“This is a personal war of one competing ego in which Gene’s rivalry with his best friend Finny results in Finny’s tragic accident, and then his tragic death.” While competition and jealousy may be normal, it’s how someone handles it in their life that makes the difference. There are many ways to deal with anger and jealousy but it is important to identify whether or not the jealousy and hatred are justified. In this story it’s not justified, it’s not real. Gene lets his anger and jealousy fester inside him to the point where he shakes the tree branch that
Then later that night, Gene and Finny are pulled from bed by a group of several other boys from Devon and are questioned about what really happened before Finny fell out of the tree. Even Leper is questioned. When Leper begins to say that Gene purposely shook the branch, Finny stands up and shouts about how he doesn’t care either way, before running away, falling down the stairs, and breaking his leg a second time. Later, Gene sneaks into the infirmary where Finny is staying but he is absolutely furious, and makes him leave. The next morning he tries to visit Finny again, and they both agree that his actions on the tree was not on purpose.
But the desire to rise above every ambition of his is dragging him down in his personal life. The opening paragraph needs textual evidence. Use embedded quotes. In the beginning of the poem, he describes how much he hates a certain trait and how it is a burden to him. For example, he calls it by foul names which seem to show the extent on how much it affects him: “Thou blind man’s mark, thou fool’s self chosen snare.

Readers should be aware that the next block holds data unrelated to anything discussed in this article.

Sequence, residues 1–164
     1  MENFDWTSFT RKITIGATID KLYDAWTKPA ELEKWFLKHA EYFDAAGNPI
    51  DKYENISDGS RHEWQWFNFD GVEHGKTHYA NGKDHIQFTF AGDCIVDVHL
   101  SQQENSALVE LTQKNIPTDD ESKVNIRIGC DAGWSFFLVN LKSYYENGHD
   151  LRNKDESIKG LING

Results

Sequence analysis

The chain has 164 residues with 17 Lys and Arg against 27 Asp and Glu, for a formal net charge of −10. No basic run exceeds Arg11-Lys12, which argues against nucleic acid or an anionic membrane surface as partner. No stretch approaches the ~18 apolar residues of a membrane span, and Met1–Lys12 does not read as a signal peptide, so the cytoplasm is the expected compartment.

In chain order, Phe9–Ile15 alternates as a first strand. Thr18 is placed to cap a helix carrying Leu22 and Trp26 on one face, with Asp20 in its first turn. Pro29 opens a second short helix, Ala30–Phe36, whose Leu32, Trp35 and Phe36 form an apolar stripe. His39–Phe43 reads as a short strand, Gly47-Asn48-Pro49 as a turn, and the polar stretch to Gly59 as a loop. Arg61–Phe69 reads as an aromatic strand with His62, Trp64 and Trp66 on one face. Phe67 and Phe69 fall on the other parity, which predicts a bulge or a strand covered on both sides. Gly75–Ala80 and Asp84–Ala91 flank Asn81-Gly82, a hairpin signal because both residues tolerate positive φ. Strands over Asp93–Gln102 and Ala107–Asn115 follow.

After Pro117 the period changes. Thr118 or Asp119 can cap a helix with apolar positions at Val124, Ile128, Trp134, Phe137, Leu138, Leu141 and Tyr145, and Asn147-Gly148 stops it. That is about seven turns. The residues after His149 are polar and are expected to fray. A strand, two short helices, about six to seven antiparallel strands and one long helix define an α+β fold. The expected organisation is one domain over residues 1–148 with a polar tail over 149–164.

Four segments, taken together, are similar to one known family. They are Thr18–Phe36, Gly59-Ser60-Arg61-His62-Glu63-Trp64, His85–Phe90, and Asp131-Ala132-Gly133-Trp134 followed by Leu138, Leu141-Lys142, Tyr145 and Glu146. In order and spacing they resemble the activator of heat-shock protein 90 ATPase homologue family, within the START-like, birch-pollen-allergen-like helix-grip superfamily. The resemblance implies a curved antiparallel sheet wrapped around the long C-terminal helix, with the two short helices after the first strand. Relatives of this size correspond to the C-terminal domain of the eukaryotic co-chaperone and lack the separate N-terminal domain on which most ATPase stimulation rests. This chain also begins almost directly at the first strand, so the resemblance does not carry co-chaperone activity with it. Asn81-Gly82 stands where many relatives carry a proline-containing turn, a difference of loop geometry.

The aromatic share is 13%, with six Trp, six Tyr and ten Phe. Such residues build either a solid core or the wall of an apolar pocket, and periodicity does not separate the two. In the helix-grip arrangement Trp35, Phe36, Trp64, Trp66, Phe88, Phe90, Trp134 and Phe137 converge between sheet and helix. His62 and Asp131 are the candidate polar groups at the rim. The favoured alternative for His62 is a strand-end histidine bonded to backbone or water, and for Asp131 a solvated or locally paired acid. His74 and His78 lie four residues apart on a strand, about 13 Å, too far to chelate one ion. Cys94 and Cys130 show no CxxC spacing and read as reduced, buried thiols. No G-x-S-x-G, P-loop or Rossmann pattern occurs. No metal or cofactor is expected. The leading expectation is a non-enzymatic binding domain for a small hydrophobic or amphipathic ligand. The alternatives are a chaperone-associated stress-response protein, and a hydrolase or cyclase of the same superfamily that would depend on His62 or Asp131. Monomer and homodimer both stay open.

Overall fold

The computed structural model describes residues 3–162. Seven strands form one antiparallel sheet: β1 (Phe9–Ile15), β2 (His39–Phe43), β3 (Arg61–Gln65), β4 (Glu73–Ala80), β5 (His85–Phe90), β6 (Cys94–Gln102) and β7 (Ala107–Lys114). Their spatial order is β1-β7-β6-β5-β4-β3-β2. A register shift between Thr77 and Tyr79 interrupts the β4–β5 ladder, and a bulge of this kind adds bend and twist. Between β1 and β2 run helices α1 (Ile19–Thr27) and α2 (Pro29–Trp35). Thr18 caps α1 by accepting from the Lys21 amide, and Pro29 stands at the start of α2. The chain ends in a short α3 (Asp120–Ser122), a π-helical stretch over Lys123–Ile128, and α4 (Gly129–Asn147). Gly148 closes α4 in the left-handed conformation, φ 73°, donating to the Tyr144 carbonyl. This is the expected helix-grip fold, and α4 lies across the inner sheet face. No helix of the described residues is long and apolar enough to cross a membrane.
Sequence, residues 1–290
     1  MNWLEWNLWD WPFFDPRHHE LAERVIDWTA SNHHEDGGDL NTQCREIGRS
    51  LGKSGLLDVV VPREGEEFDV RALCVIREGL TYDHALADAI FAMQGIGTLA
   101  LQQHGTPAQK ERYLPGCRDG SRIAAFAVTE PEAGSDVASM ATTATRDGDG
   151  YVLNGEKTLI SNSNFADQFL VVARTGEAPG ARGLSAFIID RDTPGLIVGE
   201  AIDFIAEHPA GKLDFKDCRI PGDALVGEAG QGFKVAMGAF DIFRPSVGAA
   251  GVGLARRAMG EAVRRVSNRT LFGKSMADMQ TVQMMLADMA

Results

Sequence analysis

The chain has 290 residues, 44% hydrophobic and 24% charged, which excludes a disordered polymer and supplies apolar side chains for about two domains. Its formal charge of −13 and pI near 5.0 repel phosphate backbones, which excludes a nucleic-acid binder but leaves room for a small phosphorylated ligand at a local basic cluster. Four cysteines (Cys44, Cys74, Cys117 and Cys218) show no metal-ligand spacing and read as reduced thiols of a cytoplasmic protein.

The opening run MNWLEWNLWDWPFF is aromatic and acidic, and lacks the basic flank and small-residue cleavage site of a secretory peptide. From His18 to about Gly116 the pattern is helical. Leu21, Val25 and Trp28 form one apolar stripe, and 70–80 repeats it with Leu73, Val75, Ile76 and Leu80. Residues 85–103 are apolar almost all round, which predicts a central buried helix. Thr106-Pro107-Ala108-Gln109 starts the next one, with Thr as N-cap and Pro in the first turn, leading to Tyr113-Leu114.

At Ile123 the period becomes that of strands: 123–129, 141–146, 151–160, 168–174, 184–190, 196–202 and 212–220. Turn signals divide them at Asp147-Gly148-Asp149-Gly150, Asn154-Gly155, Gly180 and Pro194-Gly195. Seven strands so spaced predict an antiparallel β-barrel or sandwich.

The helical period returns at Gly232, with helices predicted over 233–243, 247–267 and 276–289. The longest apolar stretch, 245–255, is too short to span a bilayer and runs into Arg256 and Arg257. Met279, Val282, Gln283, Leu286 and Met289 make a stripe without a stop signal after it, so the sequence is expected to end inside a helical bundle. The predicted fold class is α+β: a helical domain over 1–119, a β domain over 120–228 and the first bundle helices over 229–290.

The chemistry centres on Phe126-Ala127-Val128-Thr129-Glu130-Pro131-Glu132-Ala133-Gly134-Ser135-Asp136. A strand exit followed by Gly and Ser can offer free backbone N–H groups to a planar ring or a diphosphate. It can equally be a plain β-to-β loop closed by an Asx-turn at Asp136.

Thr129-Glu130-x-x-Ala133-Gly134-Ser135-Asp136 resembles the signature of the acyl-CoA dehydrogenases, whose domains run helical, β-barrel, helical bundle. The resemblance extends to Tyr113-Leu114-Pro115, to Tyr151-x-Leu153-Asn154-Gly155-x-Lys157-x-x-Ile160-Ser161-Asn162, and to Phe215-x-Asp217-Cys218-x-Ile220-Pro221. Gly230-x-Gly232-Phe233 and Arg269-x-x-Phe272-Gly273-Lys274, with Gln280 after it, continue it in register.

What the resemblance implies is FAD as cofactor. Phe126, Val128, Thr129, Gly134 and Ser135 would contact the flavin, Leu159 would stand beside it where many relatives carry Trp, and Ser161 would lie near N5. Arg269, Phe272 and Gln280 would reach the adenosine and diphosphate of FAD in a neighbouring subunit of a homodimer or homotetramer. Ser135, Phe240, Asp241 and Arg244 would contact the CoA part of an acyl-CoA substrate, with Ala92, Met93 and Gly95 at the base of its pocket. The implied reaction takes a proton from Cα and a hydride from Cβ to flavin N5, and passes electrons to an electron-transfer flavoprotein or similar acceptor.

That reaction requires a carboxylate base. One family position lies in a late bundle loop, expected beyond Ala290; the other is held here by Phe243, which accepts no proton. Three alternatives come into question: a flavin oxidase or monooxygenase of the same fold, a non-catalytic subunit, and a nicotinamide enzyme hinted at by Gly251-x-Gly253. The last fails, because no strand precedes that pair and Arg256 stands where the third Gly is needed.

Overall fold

Family; a blessing, or a curse? In the book Night, Elie Wiesel offers many significant themes, but the question, “is family a blessing or a curse,” is one of the most prevalent and begging themes in the novel. During the novel, Wiesel often questions if he should try and keep his father around, or if life would just be better without him in the picture. “‘Don’t let me find him! If only I could get rid of this dead weight, so that I could use all my strength to struggle for my own survival, and only worry about myself,’ I immediately felt ashamed of myself, ashamed forever,” (Wiesel, 111).
"It is strange that all of this is still so clear to me, now that the summer has long since fled and time has fled its way. A grindstone stands where the bleeding tree stood, just outside the kitchen door, and now if an oriole sings in the elm, its song seems to die up in the leaves, a silvery dust. Doodle was just about the craziest brother a boy ever had"(416). In the story "The Scarlet Ibis" by James Hurst the narrator wanted a brother that he could wrestle and run with but, Doodle was handicapped and the narrator was embarrassed. The narrator causes Doodles death by getting him too excited, pushing him too hard, and leaving Doodle when he knows how bad his condition is.